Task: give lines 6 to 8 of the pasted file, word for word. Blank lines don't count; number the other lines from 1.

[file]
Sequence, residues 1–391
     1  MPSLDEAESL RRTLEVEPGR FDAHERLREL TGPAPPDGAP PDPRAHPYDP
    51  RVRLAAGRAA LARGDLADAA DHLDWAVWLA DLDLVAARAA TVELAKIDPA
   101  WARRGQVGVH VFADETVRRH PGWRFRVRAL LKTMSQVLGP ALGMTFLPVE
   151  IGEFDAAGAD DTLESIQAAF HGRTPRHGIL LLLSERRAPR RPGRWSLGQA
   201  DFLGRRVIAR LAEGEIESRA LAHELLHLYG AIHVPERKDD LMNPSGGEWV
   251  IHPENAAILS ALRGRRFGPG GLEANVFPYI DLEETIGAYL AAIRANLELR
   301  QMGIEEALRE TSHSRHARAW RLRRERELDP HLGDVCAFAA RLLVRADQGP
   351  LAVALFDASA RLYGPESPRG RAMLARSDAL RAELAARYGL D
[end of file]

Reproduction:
   201  DFLGRRVIAR LAEGEIESRA LAHELLHLYG AIHVPERKDD LMNPSGGEWV
   251  IHPENAAILS ALRGRRFGPG GLEANVFPYI DLEETIGAYL AAIRANLELR
   301  QMGIEEALRE TSHSRHARAW RLRRERELDP HLGDVCAFAA RLLVRADQGP